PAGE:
Alric shook his head wearily.  He was used to his friend’s taunting.  “You are much changed since we first met.  No longer the wild beast that would tear out a wolf’s throat with his own teeth.  A wise man,” he said with an overstated note of incredulity, “who is not afraid to show kindness.  A good leader.  Would the English have risked their necks against the king’s men here in the east if any other warrior had called them?”

    Hereward grunted, embarrassed.  His friend knew his weak spot.  “I kill Normans, monk.  That is all I do.”

    After his chuckles had died away, Alric grew serious once more.  “Is it wise to have taken this prisoner so far from our home?  You know as well as I, the Normans are like hungry dogs when they have been defied.  They will not cease until they have taken their man back, or they have avenged him.  I have never known a kind like them.”

    “Once we have loosened his lips, we will gain greatly from all he knows of the Norman defences, their numbers, their supply tracks, their plans for crushing our fight.”

    The monk fixed a doubtful eye on his friend.  “There are Normans aplenty within a morning’s walk of Ely.  Why not one of those?  And then you would not have to march through the night, and give our enemies time to hunt us down, out here where we would find it hard to defend ourselves.”

    “You are a warrior now, too, like some of those Norman priests I hear so much about?”  Hereward gave a sardonic grin.

    Alric furrowed his brow, refusing to lighten the mood.  He turned slowly, looking past the lengthening shadows to the still, silent marshes and pools and woods.  “You laugh, but I have spent enough time in your company to know when something is crooked.  Can you not feel it?  My skin is like gooseflesh, my stomach like a butter-churn.”  He swallowed.  “Our enemies are out there somewhere, I am sure, watching us, waiting for the moment when they can tear us apart.”

    “You must have faith, monk,” Hereward replied, enjoying his joke.

    “If the Normans attack now, we are dead men, all of us.”

    “There are risks in everything we do.  And there will be more, until we have enough men to take this war to the king.  Our numbers are growing, but still they are far from what we need,” Hereward said in as reassuring a tone as he could muster.  How to bring the English together and build an army, that was his greatest worry.  Time was growing short.  Soon William the Bastard would turn his full attention to the east.  Not Alric, nor any of his men, understood that the rebellion hung by a thread until he had found a solution to that problem.  And this night, he hoped, would help.  He rested a hand on his friend’s shoulder, adding, “We gamble or we lose.  That is the simple truth.”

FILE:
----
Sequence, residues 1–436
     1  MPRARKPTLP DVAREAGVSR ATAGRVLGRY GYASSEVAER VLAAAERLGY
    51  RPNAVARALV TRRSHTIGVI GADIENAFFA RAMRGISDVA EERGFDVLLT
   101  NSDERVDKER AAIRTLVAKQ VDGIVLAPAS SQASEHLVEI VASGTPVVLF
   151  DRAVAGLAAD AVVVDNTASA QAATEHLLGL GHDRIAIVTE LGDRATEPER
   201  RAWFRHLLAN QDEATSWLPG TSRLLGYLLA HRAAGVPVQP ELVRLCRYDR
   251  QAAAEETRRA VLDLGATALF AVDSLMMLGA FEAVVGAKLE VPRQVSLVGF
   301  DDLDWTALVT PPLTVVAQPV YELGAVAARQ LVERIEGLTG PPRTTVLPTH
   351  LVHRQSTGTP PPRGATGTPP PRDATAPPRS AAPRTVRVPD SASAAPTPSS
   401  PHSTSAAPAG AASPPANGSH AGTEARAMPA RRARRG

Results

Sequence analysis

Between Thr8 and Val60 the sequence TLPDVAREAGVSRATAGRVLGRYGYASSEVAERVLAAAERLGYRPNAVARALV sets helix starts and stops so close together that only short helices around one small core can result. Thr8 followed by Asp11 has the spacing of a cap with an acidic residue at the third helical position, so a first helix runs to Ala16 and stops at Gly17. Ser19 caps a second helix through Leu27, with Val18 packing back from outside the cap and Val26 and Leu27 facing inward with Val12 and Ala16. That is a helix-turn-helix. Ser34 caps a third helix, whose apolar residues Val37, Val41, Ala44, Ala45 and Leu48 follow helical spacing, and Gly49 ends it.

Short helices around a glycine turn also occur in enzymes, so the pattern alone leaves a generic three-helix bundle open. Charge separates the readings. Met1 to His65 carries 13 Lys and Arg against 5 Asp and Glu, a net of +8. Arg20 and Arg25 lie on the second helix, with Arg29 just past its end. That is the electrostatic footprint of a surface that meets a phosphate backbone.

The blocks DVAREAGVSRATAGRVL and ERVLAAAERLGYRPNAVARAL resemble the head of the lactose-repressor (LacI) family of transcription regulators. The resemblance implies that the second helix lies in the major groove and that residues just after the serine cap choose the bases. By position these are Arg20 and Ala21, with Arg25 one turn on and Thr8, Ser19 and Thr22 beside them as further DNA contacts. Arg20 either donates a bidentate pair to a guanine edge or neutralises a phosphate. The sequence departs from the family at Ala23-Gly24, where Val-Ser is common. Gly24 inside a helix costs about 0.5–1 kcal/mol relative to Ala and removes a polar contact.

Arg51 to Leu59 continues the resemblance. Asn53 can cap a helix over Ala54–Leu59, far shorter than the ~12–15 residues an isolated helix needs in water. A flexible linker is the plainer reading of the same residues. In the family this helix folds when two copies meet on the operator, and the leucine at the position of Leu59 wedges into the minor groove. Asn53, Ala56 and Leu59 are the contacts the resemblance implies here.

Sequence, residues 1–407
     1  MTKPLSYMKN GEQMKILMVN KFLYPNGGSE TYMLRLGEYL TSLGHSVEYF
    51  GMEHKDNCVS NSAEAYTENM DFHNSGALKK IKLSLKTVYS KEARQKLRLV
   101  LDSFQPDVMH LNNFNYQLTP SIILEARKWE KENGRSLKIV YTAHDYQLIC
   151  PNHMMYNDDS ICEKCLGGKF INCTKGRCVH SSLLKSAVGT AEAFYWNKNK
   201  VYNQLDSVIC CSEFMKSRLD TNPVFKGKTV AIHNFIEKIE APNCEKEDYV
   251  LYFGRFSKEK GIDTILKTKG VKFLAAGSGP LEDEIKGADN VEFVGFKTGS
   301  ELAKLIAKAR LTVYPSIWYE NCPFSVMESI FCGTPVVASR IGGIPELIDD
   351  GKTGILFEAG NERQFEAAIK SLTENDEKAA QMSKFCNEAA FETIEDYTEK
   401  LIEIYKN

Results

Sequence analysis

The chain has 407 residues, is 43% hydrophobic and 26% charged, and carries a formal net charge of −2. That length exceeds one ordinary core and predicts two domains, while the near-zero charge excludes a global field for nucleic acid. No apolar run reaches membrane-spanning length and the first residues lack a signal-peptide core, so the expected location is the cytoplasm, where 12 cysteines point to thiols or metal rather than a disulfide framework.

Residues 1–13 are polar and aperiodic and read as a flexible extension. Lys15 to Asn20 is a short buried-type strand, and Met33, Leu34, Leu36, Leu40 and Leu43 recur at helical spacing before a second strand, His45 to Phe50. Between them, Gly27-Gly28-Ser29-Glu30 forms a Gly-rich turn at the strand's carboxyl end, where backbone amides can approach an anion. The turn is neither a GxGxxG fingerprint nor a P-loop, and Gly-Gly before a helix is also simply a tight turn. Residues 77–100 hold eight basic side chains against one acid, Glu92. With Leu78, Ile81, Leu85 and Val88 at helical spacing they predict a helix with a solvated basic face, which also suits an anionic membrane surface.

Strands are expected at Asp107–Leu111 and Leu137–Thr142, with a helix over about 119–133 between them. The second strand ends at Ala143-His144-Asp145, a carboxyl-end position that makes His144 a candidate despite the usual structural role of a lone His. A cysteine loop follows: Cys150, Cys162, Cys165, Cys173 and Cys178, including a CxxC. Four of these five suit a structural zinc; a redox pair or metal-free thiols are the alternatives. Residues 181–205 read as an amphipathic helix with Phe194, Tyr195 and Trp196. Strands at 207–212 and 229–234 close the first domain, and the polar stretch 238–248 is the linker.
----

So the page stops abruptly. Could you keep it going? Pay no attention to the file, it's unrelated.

“Aye, but whose lives are at stake when you make your wager?”

    Hereward didn’t need to answer.

    Once Alric had returned to the column of men, he nodded, and the warrior at the front jabbed the captive once again, forcing him to set off.  Leather soles rattled loose flints as the group followed the causeway through the treacherous bogs.

    The night came down.

    Among the willows there was little moonlight to guide their way.  They could risk no naked flames for fear they would shine like beacons across the sea of dark.  As the pace slowed, Hereward’s thoughts raced back across the summers.  The peaceful days of his youth sometimes seemed to belong to another man, fishing and drinking with friends around his father’s hall at Barholme.  He missed those times, though he did not miss his father’s fist or shoe.  He winced, trying to turn his mind’s-eye away from the old man’s face, but instead he glimpsed a flash of his mother lying on the floor of the hall, bloody and beaten to death.  That memory brought a surge of hot anger.